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Taking the 'sea' out of seafood?

‘Cellular aquaculture’ and vegan 'seafood' ventures are popping up all across the United States. Are they about to become big business?

The amount of news coming out on vegan and in particular on cellular – or lab-grown – seafood this year is truly astonishing. Companies -- many of them startups funded by Silicon Valley investors -- are being launched, all with the goal to produce slaughter-free fish and seafood.

“It’s time to rethink seafood,” two-month old cellular aquaculture business BlueNalu writes on its website. The company joins others such as Finless Foods, which aims to have its lab-grown bluefin tuna on the market by the end of 2019, saying “we’re on a mission to transform the way fresh, sustainable seafood arrives on our tables.”

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Comparably, brands such as New Wave Foods, Good Catch Foods, Sophie’s Kitchen and Ocean Hugger are producing vegan versions of seafood, including tuna, shrimp, crab and lobster made from plant-based ingredients such as algae or tomatoes.

Is this a fleeting trend or are our wildest sci-fi fantasies actually becoming reality? At least investors seem to believe in it, with several of the startups nabbing substantial amounts of money to fund their ambitions.

Looking at some of the latest and hottest food trends indicates they might be on the right track. Vegetarianism, veganism and to some extent pescatarianism are on the rise.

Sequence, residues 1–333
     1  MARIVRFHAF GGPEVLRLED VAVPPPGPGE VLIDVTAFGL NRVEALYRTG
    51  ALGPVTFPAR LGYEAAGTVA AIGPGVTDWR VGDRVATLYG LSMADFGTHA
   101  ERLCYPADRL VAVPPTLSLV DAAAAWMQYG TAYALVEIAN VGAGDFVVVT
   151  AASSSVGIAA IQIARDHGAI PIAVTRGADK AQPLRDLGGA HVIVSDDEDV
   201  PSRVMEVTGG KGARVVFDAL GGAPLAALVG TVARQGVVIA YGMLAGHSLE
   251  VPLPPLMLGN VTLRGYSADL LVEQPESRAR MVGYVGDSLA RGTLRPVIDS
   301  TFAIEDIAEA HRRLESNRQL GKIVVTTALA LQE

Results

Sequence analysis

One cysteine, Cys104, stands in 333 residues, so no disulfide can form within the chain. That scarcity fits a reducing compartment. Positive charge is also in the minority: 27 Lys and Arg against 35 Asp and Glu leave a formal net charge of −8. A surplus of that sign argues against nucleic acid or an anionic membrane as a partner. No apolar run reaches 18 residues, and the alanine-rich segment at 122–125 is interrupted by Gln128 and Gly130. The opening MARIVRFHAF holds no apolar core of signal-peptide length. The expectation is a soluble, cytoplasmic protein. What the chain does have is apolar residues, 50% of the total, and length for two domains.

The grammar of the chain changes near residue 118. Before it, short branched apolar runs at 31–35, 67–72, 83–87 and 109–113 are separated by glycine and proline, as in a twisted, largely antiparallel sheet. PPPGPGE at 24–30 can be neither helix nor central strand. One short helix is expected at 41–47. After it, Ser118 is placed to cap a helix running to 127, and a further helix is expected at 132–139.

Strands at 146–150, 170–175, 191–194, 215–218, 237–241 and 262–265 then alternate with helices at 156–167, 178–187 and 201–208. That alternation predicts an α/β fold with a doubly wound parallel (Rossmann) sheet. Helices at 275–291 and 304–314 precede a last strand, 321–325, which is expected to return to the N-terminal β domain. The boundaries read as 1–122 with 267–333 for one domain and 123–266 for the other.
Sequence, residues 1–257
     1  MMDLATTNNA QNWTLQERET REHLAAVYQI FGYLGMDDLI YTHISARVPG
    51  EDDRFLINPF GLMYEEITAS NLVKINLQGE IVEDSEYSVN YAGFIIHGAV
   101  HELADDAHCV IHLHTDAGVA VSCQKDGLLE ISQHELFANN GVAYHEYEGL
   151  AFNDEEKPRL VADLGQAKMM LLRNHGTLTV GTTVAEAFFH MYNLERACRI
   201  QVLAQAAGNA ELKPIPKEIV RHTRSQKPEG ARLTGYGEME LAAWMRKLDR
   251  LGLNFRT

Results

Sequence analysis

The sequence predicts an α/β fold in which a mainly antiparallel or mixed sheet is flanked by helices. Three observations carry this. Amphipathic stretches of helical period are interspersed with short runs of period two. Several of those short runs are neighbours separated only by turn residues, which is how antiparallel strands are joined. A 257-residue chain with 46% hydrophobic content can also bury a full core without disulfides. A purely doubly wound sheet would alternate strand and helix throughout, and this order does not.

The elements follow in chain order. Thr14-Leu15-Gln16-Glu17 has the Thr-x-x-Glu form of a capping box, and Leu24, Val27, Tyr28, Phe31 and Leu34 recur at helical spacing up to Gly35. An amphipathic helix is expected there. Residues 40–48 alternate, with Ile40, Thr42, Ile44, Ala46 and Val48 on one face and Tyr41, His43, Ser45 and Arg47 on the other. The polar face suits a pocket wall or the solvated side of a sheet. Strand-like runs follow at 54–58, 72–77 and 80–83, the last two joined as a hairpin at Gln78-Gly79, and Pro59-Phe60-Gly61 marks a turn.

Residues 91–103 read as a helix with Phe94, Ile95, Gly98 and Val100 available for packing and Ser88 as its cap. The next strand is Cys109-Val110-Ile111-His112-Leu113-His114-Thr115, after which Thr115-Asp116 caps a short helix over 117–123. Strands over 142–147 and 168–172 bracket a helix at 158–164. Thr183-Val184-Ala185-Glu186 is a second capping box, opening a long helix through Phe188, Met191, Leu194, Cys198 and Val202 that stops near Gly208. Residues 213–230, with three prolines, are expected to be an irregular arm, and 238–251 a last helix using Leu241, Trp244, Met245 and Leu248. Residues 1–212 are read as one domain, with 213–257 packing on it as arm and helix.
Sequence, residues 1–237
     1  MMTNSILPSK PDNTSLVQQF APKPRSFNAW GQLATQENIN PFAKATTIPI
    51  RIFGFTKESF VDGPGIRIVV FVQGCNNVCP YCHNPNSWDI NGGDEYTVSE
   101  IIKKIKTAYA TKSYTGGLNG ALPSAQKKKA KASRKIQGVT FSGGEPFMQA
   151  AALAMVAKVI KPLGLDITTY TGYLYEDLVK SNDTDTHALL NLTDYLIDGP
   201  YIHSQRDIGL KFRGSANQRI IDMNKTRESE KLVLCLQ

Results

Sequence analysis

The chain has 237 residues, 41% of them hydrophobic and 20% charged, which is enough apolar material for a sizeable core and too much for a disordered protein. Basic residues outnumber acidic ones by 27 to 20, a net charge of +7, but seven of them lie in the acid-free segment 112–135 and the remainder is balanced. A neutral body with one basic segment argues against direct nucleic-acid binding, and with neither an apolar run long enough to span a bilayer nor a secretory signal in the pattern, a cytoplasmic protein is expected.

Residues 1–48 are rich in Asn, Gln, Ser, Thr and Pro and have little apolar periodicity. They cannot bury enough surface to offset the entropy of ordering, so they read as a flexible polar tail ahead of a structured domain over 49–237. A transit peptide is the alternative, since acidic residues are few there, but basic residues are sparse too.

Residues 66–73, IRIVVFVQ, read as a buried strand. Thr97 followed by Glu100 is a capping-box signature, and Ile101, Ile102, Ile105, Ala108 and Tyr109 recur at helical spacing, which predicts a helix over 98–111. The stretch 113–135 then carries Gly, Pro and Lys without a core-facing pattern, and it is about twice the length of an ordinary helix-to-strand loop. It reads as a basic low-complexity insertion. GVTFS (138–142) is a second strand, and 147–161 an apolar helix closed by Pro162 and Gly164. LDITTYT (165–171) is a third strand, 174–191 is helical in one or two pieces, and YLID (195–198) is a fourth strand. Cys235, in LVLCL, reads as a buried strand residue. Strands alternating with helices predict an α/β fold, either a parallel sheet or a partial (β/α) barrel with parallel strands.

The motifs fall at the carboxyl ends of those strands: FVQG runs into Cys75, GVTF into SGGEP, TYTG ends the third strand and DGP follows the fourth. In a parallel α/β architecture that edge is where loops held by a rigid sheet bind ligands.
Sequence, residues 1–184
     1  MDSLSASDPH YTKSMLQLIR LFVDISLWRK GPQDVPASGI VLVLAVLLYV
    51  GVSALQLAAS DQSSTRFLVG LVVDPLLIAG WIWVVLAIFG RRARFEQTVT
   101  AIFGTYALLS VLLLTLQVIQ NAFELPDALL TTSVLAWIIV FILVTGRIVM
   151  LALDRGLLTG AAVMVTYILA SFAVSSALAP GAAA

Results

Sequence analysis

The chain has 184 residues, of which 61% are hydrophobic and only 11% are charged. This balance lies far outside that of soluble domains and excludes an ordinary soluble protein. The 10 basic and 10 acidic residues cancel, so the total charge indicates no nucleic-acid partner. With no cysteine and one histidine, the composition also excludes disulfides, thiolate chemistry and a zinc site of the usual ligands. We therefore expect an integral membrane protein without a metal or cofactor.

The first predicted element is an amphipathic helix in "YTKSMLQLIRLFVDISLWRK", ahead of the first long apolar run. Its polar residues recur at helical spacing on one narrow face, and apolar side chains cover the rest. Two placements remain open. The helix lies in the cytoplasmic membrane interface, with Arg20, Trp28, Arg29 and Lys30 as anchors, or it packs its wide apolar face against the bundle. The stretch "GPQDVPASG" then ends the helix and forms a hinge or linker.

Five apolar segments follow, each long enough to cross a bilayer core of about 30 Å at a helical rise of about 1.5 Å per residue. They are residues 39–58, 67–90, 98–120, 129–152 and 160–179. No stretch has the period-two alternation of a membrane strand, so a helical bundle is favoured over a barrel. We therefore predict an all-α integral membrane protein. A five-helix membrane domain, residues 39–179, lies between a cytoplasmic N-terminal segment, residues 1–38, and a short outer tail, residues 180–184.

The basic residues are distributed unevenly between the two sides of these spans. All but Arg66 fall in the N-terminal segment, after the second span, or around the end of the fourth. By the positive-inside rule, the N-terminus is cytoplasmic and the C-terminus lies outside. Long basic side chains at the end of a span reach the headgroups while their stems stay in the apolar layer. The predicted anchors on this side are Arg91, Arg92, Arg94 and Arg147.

Consumer awareness is rising with income growth in developed countries, better education and access to information.

And quite frankly issues such as climate change, plastics in our oceans, microplastics in our fish, overfishing and illegal fishing, health and environmental hazards from fish farming, as well as slave labor in the supply chain, are not the best selling points.

The entry barrier to try plant-based, vegan seafood is relatively low, in my view. Even the strongest believer in an animal-based diet would at least give it a try.

But would consumers eat seafood that originated in a petri dish?

Nonprofit research organization Faunalytics and the Good Food Institute recently conducted a survey of 1,200 Americans, asking them if they would eat “clean meat,” or meat grown from animal cells in a laboratory. The answers could hint at a new future for the food and seafood industry.

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Most respondents had never heard of "clean meat" before but after learning more about it, 66 percent said they were willing to try it at least once. Forty-six percent said they'd buy it regularly.

The key, researchers found, lies in the messaging.

Names such as "in-vitro meat" and "lab-meat" can be off-putting and unnatural. “Clean meat” -- or “clean seafood” for that matter -- gets the point across: to grow proteins without antibiotics and hormones.

Challenging consumer’s perceptions of "natural" and posing the idea that most feedlots call on inherently unnatural practices is the most effective way to market these products, the survey found.

Leading with the potential environmental benefits of growing meat in a laboratory worked too, and 73 percent of those polled said they were confident it would feed a growing world using less land and water and fewer carbon emissions.

The arguments for clean seafood, cellular aquaculture, vegan seafood, lab-grown seafood -- call it whatever you want -- are pretty strong.

We should start thinking about how these products might transform our industry. It's a radical and new way of producing food and it will arrive eventually, and probably a lot sooner than you’d imagine.

Comments? Email me at elisabeth.fischer@intrafish.com

Twitter: EF_IntraFish

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